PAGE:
THROWBACK SF THURSDAY: A Place Called Hope by Daniel Humphreys

Thursday , 23, November 2017 4 Comments

Happy Thanksgiving.  If you are looking for things to be thankful for, here are a couple:

  • Good books
  • No zombie apocalypse (yet)

If you haven’t read Daniel Humphreys’ A Place Outside the Wild, go read my review of that book.  I can’t really talk about its sequel, A Place Called Hope, without spoiling major surprises in the first book.  And A Place Outside the Wild may be the best zombie apocalypse book I have ever read.  Humphreys incorporates the familiar canon and builds on it, both in service of the meticulously plotted story.  Another highlight is the attention to detail regarding everything from guns to farming—an attention to detail in service of building narrative tension.

My only quibble with both books is that the dialogue—especially the manly banter—is a bit clunky.  (The actual presence of manly banter, on the other hand, is nice to see.)

A Place Called Hope is every bit as good as A Place Outside the Wild.  It may not be able to deliver the same shocks as its predecessor, but Humphreys continues to surprise us, and there are some awesome action set pieces.

Major SPOILERS for A Place Outside the Wild, and very minor SPOILERS for A Place Called Hope below the fold.

Most of A Place Outside the Wild takes place in a single post-apocalyptic settlement.  It ends with the residents naming it “Hope.”  Hence the name for the sequel.  But it is a bit of a misnomer—very little of A Place Called Hope actually takes place in Hope.  Miles, the main character from the first book, and most of the rest of the residents of Hope only make cameo appearances.  This is very much the story of Pete and Charlie and the military (and one other).

At the end of A Place Outside the Wild, Miles’ uncle Pete, a retired Marine, accepts a new commission, two missing legs notwithstanding (I’m reading Myke Cole’s Siege Line now, so that’s a couple books in a row featuring amputees in combat roles).  Charlie is a settler known for his ability in the wild as a scavenger and for being immune to the zombie “virus.”  After being exposed to the 2.0 version, he has regained the full ability to speak.  Pete pulls him along for their mission.

One of the big reveals from A Place Outside the Wild is that the military (mainly the Navy) has survived.  The military has a big problem.  After eight years, it is getting very hard to keep helicopters in the air.  They have a plan to address the problem that involves a mission to recover airships in California.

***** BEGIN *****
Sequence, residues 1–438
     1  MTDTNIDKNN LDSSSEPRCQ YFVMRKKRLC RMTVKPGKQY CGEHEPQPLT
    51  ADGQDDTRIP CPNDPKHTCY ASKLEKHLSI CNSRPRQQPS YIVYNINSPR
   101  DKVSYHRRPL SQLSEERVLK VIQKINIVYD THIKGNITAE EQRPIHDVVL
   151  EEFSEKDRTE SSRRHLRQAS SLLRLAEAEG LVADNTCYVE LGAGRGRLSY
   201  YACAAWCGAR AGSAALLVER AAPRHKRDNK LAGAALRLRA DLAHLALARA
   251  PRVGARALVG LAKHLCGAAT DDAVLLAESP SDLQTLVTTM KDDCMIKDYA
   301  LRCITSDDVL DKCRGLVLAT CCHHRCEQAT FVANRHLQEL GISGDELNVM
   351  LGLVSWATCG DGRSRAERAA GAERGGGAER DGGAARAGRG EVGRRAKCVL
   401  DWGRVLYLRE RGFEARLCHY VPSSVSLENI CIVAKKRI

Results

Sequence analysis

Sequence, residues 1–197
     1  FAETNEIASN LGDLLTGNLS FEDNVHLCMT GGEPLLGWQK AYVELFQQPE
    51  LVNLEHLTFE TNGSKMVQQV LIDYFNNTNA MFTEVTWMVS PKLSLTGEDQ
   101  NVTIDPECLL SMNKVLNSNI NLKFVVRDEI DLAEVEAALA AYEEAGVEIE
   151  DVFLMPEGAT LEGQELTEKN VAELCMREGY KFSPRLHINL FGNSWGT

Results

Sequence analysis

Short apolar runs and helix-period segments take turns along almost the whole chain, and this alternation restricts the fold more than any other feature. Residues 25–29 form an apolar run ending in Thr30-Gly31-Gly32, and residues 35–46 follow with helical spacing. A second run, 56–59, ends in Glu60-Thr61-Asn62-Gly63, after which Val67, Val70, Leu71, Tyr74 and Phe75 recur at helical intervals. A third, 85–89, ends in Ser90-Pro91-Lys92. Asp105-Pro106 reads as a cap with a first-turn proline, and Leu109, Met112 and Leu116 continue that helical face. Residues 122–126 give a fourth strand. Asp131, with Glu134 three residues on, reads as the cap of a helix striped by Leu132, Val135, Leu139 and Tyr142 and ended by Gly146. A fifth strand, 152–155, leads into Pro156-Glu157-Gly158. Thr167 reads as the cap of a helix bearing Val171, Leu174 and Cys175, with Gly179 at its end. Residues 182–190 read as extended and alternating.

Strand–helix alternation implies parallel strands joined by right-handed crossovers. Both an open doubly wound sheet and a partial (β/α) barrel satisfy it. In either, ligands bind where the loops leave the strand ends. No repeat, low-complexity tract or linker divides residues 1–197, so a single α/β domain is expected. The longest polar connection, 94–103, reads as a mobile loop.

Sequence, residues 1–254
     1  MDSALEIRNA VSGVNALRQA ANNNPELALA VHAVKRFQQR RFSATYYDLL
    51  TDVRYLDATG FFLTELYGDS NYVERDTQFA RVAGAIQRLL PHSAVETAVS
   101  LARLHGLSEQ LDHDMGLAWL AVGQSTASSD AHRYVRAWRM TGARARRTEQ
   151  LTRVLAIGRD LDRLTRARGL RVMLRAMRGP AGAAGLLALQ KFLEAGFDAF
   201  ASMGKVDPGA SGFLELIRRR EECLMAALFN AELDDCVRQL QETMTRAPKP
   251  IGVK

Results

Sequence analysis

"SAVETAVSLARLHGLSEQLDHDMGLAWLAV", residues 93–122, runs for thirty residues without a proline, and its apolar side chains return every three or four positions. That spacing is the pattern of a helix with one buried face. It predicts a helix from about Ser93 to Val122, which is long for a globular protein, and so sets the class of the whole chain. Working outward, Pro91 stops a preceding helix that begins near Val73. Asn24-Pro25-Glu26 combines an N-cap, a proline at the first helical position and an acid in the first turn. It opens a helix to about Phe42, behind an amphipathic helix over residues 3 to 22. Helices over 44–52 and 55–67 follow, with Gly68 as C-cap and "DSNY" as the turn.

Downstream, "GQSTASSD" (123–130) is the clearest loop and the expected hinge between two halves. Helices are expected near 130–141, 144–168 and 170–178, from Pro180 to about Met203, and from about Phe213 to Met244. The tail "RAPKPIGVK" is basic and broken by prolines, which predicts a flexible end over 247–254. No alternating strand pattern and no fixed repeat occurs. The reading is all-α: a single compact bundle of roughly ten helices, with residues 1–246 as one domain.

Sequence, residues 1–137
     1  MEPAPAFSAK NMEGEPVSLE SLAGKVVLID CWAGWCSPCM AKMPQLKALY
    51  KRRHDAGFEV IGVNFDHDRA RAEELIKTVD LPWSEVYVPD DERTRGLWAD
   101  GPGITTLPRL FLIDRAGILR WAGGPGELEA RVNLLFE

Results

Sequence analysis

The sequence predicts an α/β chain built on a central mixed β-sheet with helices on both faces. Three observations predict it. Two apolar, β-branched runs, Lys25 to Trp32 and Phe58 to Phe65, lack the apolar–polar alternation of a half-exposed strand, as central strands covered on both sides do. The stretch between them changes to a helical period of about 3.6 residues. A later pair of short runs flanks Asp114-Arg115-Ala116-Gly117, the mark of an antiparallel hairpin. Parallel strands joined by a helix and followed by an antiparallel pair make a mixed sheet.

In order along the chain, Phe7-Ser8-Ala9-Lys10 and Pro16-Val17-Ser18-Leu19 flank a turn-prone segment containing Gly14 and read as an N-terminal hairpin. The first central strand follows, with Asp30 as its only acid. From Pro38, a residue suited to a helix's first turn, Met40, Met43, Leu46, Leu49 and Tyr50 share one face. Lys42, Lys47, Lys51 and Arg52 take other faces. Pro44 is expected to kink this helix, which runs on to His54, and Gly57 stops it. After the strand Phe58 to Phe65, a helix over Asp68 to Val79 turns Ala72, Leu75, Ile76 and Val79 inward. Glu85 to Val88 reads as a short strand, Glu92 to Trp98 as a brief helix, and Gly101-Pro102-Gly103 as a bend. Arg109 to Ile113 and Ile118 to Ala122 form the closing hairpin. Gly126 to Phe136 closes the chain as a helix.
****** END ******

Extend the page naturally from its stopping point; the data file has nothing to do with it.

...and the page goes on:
The really big reveal from A Place Outside the Wild was that the nanite-driven zombies are changing.  A Place Outside Hope shows that process is still ongoing.  Things are going to get really ugly.

Humphreys Z-Day books are a counterweight to more cynical works like The Walking Dead.  The humans in A Place Called Hope are almost always the good guys.  If you are going to set a work eight years after the zombie apocalypse, it makes sense that “[r]aider crews [are] the exception rather than the rule” because “groups like that [are] more likely to burn out than thrive.”  (I think that a stable settlers/nomads dynamic could develop, but nomad raiders can’t exist without good guy settlers.)  The military are both the good guys and survived at much higher rates than civilians (or at least the Navy did).  Both of these are not just plausible but probable.

We do get to see some raiders through the eyes of a new POV character, Sandy.  Sandy is a microbiologist, and his chapters revolve around him joining a settlement a couple hundred days after Z-Day.  The window into the months directly after Z-Day are nice since the first book jumped straight to eight years after.

With the increased role for the military, A Place Called Hope is almost a military thriller/SF.  It has a lot in common with the Myke Cole book I’m reading now.  It also reminds me a lot of Brad Thor’s books, especially Code of Conduct.  Thor could have written the line, “[I]n one fell swoop, the scientists had rendered the Holocaust and Holodomor mere footnotes.”  (Like Thor, Humphreys wears his politics on his sleeve, but he’s right to compare the two, and the sentence has a nice ring to it.)

Thor would also appreciate Humphreys’ attention to military detail.  There is a much warranted knock on World War Z.  I very briefly made the same critique in my review.   Humphreys says it better than I ever could:

“[S]he’d never forgotten the annoyance and derision she’d felt when she’d read the author’s description of a battle in which the army of zombies had marched forward, unaffected by modern ordnance.  The venerable .50 BMG was officially an anti-material round, for God’s sake.”

If you want to see what modern military ordnance would do to zombies, A Place Called Hope is your chance.

I can’t wait for book 3.


Disclosure: Humphreys sent me a review copy.


H.P. is an academic, attorney, and “author” (well, blogger) who will read and write about anything interesting he finds in the used bookstore wherever he happens to be for the moment.  He can be found on Twitter @tuesdayreviews and at Every Day Should Be Tuesday.

  • jic says:

    “My only quibble with both books is that the dialogue—especially the manly banter—is a bit clunky.”